City Strategies to Engage Older Youth in Afterschool Programs
Research shows that high-quality afterschool and summer programs help cities keep children and youth safe when they are not in school, discourage substance abuse and juvenile crime, and improve student attendance and academic achievement. The benefits are especially large for youth ages 11-18 - those in middle and high school - who need learning supports to keep them on track toward graduation and are more prone to risky behavior. Yet many cities struggle to provide sufficient afterschool opportunities for older youth that are accessible and relevant to their interests.
To assist city leaders who are working to expand the number of high-quality programs for this population, the YEF Institute has published this new guide on City Strategies to Engage Older Youth in Afterschool Programs, with support from The Wallace Foundation. The guide identifies four strategies that city leaders can use to increase afterschool program participation among older youth:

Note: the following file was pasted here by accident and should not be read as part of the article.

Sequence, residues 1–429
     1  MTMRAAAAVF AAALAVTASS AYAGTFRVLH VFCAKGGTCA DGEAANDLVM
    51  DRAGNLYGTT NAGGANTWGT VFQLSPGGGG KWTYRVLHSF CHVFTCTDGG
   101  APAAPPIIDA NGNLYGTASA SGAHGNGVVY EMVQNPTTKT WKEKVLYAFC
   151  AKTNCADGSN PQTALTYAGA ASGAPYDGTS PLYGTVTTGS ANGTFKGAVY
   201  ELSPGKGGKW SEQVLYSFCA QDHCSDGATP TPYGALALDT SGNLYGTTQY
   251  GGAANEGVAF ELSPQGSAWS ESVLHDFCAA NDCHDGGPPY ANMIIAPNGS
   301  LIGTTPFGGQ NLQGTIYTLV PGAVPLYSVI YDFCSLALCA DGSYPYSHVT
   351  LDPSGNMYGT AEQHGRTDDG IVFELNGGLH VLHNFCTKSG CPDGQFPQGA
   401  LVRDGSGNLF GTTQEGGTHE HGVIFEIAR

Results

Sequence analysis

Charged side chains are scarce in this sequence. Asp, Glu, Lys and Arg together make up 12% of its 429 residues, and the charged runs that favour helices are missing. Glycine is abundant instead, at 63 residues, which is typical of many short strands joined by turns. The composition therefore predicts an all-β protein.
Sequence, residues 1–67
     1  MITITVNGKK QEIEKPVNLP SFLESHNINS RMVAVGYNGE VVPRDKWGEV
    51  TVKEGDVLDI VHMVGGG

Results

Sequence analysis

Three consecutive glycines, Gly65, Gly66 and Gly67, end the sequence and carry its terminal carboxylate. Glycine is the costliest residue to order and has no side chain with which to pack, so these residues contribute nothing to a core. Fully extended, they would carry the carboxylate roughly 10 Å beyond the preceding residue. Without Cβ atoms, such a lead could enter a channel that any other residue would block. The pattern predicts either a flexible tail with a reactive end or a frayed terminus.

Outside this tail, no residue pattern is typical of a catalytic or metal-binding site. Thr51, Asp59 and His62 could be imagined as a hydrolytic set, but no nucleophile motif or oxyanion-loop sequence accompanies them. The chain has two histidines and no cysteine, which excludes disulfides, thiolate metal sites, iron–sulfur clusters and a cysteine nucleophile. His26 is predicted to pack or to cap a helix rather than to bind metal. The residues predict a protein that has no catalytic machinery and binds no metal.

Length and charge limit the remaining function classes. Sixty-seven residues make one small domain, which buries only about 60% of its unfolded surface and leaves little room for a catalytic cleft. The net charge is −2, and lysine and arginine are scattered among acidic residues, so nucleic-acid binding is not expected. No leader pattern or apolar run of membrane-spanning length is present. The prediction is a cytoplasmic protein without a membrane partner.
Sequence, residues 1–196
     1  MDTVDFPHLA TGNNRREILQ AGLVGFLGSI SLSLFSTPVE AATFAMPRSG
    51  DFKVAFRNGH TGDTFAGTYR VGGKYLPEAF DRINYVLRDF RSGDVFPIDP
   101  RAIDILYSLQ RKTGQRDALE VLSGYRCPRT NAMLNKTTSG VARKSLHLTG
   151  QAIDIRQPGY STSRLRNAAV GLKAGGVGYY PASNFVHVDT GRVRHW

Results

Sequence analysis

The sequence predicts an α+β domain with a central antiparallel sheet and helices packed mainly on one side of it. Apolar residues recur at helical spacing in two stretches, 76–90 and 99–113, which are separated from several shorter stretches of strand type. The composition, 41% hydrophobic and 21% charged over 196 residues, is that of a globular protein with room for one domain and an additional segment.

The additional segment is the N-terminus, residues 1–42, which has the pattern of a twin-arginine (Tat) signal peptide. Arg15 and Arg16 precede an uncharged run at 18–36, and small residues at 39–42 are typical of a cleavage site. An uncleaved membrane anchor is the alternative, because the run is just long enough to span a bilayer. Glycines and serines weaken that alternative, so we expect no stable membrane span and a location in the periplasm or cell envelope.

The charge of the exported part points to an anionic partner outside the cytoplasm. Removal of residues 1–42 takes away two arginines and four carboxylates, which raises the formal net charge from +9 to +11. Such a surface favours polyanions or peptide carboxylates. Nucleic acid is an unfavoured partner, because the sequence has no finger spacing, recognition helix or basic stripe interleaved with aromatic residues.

- Coordinate systems to support effective service delivery: By building partnerships among city, school and community-based afterschool providers and other key stakeholders to take a systemic approach to afterschool, city officials can maximize local resources and reduce barriers to attendance.
- Ensure programs are of high quality: Older youth participate more frequently in afterschool programs when activities are well-run and relevant to their interests, staff are well-trained, and youth have a voice in program design.
- Offer a wide variety of relevant program options: Among the most popular types of programs for this age group are those that focus on academic support; sports and recreation; visual and performing arts; science, technology, engineering and math (STEM); and support for the transition from middle school to high school.
- Promote college attendance and workplace readiness: Municipal leaders can promote afterschool opportunities that prepare young people for life after high school, helping achieve citywide goals for postsecondary educational attainment and workforce development.